CURWOOD: Well what about a fix to raise the fees beyond $40 per ton of pollution?
DYKSTRA: Exactly, and that’s what they’re thinking about, but that requires help from the Governor and from the legislature, and the earliest that can take effect if they agree is 2016, and that’s right about when the money runs out. But wait, there’s more! This bureaucratic clean-air nightmare gets even worse. Tighter Federal EPA clean air limits are going to kick in over the next few years. Missouri’s air will be even cleaner and that means its air pollution budget will be even leaner.
CURWOOD: So as they say, no good deed goes unpunished, huh?
DYKSTRA: I guess, but at least air pollution there is on the way down. Which is not the case in China, but there are some changes in the air there, too.
CURWOOD: Along with a lot of other things. But what’s new in China?
DYKSTRA: Well, for the first time in 25 years, the Standing Committee of the People’s National Congress has revised and upgraded China’s main environmental laws. They're promising stiffer fines against polluting industries and the new laws will make it easier for citizens and non-government groups to sue to enforce the pollution laws.
CURWOOD: Wait a second here, Peter. You’re saying, even with everything we hear about the massive pollution problems in China, this is the first sweeping government action in, what, a quarter century?
DYKSTRA: Yeah, can you imagine that? It’s one of the world’s biggest and most powerful nations, and its legislature can’t seem to get anything done on the environment? Have you ever heard of such a thing?
CURWOOD: Ummm, no…. I most definitely have! But China is a case unto itself for pollution.
DYKSTRA: It is. We picked up this story from Stuart Leavenworth, who covers China for the McClatchy newspaper chain, and his reporting says that one of the government’s motivators in stiffening these pollution laws is all of the public discontent that’s on the rise there, the widespread environmental protests that have been going on in China. But the state-run media is already managing expectations, saying that stronger laws alone won’t undo what they called “decades of reckless pollution.”
CURWOOD: Well there are over a billion people in China and if they're motivated to make these changes, it's going to be a big deal.
DYKSTRA: Well, yeah, but don't hold your breath, which might be itself healthy in China.
CURWOOD: Peter, what do you have on the history calendar this week?
DYKSTRA: Well, Steve, 10 years ago this week, a forward-thinking governor from Living On Earth’s home state enacted a sweeping plan to combat climate change. It was called the Massachusetts Climate Protection Plan. Governor Mitt Romney was at the head of it. He had outlined steps for the state to deal with climate impacts on severe storms, the coastline, freshwater, wildlife, human health and more.
CURWOOD: But wait, by the time he ran for President in 2012, Governor Romney wasn’t so sure about climate change.
DYKSTRA: By then he didn’t care much for universal health care either, even though that's something else he set up when he was Governor. Several times on the Presidential campaign trail in 2012 he said he wasn’t sure about manmade climate change anymore, and he thought that spending money on some kind of climate protection plan was a really bad idea.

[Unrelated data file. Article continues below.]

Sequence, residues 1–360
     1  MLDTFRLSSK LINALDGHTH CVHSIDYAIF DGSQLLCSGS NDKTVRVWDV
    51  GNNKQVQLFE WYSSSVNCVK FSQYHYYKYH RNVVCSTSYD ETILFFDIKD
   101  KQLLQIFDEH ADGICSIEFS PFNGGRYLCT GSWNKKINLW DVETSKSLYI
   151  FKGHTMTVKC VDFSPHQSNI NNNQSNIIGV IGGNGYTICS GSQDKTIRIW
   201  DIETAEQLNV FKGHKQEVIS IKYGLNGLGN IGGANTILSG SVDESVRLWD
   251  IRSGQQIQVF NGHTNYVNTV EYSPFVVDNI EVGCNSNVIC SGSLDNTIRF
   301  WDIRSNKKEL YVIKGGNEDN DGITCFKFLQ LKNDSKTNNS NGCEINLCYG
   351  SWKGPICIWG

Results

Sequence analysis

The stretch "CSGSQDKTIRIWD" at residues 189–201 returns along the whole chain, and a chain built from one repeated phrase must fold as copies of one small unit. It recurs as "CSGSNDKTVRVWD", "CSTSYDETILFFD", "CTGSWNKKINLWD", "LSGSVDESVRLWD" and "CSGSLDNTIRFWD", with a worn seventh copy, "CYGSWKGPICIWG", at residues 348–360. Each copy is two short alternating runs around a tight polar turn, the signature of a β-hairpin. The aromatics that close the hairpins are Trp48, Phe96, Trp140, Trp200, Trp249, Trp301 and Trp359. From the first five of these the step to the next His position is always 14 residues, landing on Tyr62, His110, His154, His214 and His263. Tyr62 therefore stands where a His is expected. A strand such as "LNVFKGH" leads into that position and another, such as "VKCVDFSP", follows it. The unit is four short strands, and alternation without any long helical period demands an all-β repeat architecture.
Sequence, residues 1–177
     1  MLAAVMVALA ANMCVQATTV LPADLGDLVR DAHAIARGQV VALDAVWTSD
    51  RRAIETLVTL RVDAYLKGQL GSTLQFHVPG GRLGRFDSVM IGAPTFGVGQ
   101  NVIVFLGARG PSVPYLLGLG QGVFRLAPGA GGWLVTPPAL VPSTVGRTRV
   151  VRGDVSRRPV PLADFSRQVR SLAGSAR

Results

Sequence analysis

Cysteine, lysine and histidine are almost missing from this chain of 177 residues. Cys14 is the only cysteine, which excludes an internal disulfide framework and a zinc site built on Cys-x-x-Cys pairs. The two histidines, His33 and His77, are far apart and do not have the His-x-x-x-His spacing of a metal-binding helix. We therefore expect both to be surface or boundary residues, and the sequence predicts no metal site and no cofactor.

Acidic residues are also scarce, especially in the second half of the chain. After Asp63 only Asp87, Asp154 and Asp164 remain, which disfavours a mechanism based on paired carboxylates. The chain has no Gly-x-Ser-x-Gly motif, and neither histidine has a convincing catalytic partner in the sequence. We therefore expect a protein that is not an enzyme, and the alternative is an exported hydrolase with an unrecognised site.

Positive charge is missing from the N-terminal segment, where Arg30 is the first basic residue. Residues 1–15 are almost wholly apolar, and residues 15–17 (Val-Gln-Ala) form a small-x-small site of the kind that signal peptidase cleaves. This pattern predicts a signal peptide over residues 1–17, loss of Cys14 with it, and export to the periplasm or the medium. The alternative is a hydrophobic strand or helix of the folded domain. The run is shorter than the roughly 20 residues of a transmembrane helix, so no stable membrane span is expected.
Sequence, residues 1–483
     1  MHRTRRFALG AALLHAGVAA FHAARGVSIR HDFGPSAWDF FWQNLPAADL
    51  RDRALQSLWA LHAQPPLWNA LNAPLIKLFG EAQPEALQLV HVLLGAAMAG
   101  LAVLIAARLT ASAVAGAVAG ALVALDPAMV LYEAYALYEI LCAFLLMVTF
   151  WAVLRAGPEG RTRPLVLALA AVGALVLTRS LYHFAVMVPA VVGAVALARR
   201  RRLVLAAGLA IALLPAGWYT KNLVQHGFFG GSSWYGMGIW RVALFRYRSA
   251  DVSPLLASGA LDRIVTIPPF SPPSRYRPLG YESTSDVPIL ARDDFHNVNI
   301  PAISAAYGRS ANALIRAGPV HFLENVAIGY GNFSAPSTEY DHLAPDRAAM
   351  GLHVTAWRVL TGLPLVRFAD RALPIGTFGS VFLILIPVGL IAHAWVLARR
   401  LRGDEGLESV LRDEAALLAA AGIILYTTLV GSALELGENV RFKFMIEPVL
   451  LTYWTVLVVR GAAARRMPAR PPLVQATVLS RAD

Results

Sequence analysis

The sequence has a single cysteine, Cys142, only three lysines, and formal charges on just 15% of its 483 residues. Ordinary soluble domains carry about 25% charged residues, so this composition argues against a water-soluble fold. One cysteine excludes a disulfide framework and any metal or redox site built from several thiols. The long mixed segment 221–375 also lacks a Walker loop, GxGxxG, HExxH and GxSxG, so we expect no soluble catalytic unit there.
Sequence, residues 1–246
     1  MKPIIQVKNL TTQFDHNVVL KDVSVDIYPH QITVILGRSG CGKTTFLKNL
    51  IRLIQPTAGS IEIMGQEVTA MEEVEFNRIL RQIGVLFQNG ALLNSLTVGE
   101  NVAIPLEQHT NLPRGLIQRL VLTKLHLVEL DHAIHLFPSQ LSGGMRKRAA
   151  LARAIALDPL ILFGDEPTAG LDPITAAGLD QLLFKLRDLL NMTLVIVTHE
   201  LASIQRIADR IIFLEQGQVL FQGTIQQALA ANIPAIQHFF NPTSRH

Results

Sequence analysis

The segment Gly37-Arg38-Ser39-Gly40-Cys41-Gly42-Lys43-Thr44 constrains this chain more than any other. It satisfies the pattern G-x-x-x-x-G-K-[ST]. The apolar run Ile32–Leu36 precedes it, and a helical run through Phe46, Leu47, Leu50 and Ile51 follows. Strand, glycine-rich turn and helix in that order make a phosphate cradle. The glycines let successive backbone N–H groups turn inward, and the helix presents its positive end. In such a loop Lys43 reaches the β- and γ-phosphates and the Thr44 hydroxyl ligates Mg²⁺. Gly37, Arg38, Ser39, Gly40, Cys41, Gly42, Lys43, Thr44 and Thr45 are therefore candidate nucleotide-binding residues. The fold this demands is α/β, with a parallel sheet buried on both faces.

CURWOOD: Peter Dykstra is publisher of Environmental Health News, that’s EHN.org, and the DailyClimate.org. Thanks so much, Peter for taking the time today.
DYKSTRA: Alright, thanks a lot, Steve, we'll talk to you soon.
CURWOOD: And there's more on these stories at our website, LOE.org.
[MUSIC: Trombone Shorty “On The Way Down” from Backatown (Verve Records 2012) Happy JazzFest 2014]
CURWOOD: The Goldman Prizes are unofficially called the environmental Nobels. They single out an activist from each of the world’s inhabited continents with an award this year of $175,000. The 2014 recipients include Ramesh Agrawal from India who fought against the construction of new coal mines and Suren Gazaryan, who worked to expose the Russian government’s illegal seizure of protected forestland for construction of luxury homes. In Indonesia, Rudi Putra worked to protect endangered wildlife habitat from palm oil company deforestation. And Ruth Buendia fought against large scale hydroelectric dams that would have displaced indigenous communities in Peru.
We spoke with the two other 2014 Goldman Prize winners, Desmond D’Sa from South Africa and Helen Slottje from the United States. A former corporate lawyer, Ms. Slottje devised a strategy for local communities to block fracking in New York State, and explained how it came about.
SLOTTJE: My husband David's brother was looking for a small farm to move up to our area as a second home, and everywhere we went, there were gas leases, and the realtors told us, “Oh, it’s no big deal. It’s just a small oil and gas lease. Nothing to worry about.” And David was formerly a Texas lawyer and he said, “I’m from Texas, and there ain’t so such thing as a ‘no big deal oil and gas lease’.”
And it took two years for us to sort of circle back to really getting involved, but that was the first sort of conscious-raising, and then in 2009, I went to a gas-drilling meeting, and they had pictures, and pictures of what had been happening in Pennsylvania. They were horrifying. There were these huge areas of land that had just been scraped bare, pits full of unknown fracking chemicals, and everyone said, “Well, there’s nothing we can do. This is coming. We should try to brace for impact. But we’re powerless.”
CURWOOD: But they didn’t know you would have a better idea, and what was that better idea?
SLOTTJE: David and I are both lawyers, so this just seemed wrong to us. And it just seemed there had to be something we could do. So we set about determining, you know, is the federal goverment going to protect us? No. Is the state government going to protect us? No. What can we do at the local level? And everyone said, “Nothing.” But we looked and found that while we couldn’t regulate the industry, they could use zoning laws to say, “there’s no place in our community where this is appropriate, this is an incompatible land use, and you’re not allowed to do this at all in our town”.